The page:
76th Division (United States)

76th Infantry Division (Wehrmacht)

76th Infantry Division (United Kingdom)

76th Reconnaissance Group

76th Rifle Division (Soviet Union)

77th Infantry Division (United Kingdom)

77th Infantry Division (United States)

78th Division (United States)

78th Infantry Division (Wehrmacht)

78th Infantry Division (United Kingdom)

78th Rifle Division (Soviet Union)

79th Armoured Division (United Kingdom)

79th Fighter Group

79th Infantry Division (Wehrmacht)

79th Infantry Division (United States)

79th Light Anti-Aircraft Battery

7th Armored Division (United States)

7th Armoured Division (United Kingdom)

7th Army (Wehrmacht)

7th Army (Soviet Union)

7th Canadian Infantry Brigade

7th Canadian Infantry Division

7th Cavalry Regiment (United States)

7th Division (Australia)

7th Division (Imperial Japanese Army)

7th Field Artillery Regiment (United States)

7th Guards Army

7th Indian Infantry Division

7th Infantry Division (United States)

7th Marine Regiment (United States)

7th Panzer Division (Wehrmacht)

7th Rifle Division (Soviet Union)

7th SS Volunteer Mountain Division Prinz Eugen


8th Alpini Regiment

8 cm FK M. 17

8 cm PAW 600

8 cm sGrW 34

8 inch Gun M1

8.8 cm KwK 36

8.8 cm KwK 43

8.8 cm PaK 43

805th Engineer Aviation Battalion (United States)

80th Division (United States)

80th Infantry Division (United Kingdom)

80th Rifle Division

81st (West Africa) Division

81st Infantry Division (United States)


82nd (West Africa) Division

82nd Airborne Division (United States)

83rd Infantry Division (Germany)

83rd Infantry Division (United States)

84 Avenue Foch

84th Division (United States)

85 mm air defense gun M1939 (52-K)

85th Rifle Division (Soviet Union)

86th Infantry Division (United States)

87th Division (United States)

87th Infantry Division (Wehrmacht)

88 mm gun

88th Division (National Revolutionary Army)

88th Infantry Division (United States)

89th "Tamanyan" Rifle Division

89th Division (United States)

8th Armored Division (United States)

8th Armoured Division (United Kingdom)

8th Army (Soviet Union)

8th Division (Australia)

8th Division (Imperial Japanese Army)

8th Guards Army (Soviet Union)

8th Infantry Division (France)

8th Infantry Division (India)

8th Infantry Division (United Kingdom)

8th Infantry Division (United States)

8th Marine Regiment (United States)

8th Panzer Division (Wehrmacht)

8th SS Cavalry Division Florian Geyer

9th Alpini Regiment

9 Parachute Squadron RE

90 mm gun

904 Expeditionary Air Wing (United Kingdom)

90th Infantry Division (United States)

90th Light Infantry Division (Wehrmacht)

914th Grenadier Regiment

916th Grenadier Regiment (Germany)

91st Bomb Group

91st Division (United States)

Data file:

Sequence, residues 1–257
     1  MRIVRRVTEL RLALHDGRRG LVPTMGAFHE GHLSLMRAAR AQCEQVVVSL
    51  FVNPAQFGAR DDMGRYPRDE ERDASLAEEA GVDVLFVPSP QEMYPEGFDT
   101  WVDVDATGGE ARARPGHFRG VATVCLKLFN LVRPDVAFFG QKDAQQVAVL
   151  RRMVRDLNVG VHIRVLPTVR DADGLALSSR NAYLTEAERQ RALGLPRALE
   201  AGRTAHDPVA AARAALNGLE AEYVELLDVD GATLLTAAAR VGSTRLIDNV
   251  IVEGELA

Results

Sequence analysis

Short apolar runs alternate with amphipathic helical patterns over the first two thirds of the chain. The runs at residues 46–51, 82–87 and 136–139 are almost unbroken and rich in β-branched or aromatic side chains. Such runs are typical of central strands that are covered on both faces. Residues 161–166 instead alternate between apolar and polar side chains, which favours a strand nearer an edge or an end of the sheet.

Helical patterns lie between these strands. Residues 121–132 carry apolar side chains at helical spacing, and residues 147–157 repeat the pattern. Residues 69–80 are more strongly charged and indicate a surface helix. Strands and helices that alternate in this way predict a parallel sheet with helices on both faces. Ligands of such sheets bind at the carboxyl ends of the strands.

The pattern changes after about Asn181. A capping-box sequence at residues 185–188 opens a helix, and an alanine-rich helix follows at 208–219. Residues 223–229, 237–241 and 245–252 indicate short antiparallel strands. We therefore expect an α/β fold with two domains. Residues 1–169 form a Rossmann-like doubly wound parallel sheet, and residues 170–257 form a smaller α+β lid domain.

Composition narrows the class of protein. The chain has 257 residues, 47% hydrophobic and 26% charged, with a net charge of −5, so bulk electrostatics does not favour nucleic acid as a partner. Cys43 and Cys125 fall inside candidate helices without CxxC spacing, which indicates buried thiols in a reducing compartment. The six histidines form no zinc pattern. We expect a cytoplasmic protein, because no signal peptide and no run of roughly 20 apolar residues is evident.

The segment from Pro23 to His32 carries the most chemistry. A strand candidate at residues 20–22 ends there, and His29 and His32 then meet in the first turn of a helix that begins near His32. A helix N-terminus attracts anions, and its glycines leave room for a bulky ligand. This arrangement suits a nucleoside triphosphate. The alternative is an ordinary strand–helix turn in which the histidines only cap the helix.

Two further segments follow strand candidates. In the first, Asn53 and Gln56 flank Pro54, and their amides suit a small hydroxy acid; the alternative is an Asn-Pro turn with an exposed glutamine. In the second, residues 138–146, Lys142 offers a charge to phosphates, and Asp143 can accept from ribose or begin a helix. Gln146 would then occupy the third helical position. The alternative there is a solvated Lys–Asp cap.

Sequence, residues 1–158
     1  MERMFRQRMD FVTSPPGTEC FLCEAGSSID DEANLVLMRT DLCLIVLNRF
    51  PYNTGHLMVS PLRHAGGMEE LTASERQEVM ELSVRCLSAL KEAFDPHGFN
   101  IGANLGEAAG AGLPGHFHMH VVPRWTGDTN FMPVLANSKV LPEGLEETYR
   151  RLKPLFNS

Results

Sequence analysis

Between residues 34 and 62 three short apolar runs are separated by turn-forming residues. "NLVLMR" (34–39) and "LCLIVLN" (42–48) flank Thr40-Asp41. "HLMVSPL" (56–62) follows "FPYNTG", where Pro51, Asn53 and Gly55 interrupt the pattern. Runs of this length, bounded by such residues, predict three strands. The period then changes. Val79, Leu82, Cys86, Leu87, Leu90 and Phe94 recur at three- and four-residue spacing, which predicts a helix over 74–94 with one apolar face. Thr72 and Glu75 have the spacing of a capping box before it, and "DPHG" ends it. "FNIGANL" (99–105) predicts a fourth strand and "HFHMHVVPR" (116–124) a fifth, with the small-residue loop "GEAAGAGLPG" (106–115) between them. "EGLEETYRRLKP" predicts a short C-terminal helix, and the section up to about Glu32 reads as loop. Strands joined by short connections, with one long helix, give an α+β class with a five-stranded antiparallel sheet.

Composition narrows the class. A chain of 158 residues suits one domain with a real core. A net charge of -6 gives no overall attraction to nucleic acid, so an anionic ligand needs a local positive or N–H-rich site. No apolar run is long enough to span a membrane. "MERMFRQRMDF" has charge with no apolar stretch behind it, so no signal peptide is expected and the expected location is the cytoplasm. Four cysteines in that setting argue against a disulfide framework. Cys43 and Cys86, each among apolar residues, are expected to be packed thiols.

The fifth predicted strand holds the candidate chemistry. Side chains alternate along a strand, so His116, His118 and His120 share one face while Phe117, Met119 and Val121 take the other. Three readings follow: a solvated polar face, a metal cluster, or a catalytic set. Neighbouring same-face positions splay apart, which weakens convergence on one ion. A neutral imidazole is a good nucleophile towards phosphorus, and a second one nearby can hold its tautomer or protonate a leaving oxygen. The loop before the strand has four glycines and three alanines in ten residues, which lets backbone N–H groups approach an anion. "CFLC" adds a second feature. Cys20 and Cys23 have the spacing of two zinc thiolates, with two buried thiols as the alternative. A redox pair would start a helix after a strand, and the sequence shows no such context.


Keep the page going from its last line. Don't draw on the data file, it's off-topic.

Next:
91st Infantry Division (Wehrmacht)

92nd Infantry Division (United States)

93rd Infantry Division (United States)

94th Infantry Division (United States)

95th Bomb Group

95th Infantry Division (United States)

96th Infantry Division (United States)

97th Infantry Division (United States)

97th Mechanized Brigade (Ukraine)

98th Division (United States)

98th Infantry Division (Wehrmacht)

999th Light Afrika Division (Germany)

99th Infantry Division (United States)

99th Light Infantry Division (Wehrmacht)

99th Rifle Division (Soviet Union)

9th (Highland) Infantry Division

9th Armored Division (United States)

9th Armoured Division (United Kingdom)

9th Army (Soviet Union)

9th Division (Australia)

9th Division (Imperial Japanese Army)

9th Infantry Division (India)

9th Infantry Division (Poland) (interwar)

9th Infantry Division (Soviet Union)

9th Infantry Division (United States)

9th Luftwaffe Field Division (Germany)

9th Motorized Division (France)

9th Mountain Division (Wehrmacht)

9th Panzer Division (Wehrmacht)

9th Parachute Division (Germany)

9th SS Panzer Division Hohenstaufen

Operation Cartwheel

Operation Cartwheel (1943–1944) was a major military operation for the Allies in the Pacific theatre of World War II. Cartwheel was an operation aimed at neutralising the major Japanese base at Rabaul. The operation was directed by the Supreme Allied Commander in the South West Pacific Area (SWPA), General Douglas MacArthur, whose forces had advanced along the northeast coast of New Guinea and occupied nearby islands. Allied forces from the Pacific Ocean Areas command, under Admiral Chester W. Nimitz, advanced through the Solomon Islands toward Bougainville. The Allied forces involved were from Australia, the Netherlands, New Zealand, the US and various Pacific Islands.

Australian Imperial Force